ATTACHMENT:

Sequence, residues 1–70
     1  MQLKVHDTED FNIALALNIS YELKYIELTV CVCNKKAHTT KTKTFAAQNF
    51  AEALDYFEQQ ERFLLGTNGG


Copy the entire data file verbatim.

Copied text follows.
Sequence, residues 1–70
     1  MQLKVHDTED FNIALALNIS YELKYIELTV CVCNKKAHTT KTKTFAAQNF
    51  AEALDYFEQQ ERFLLGTNGG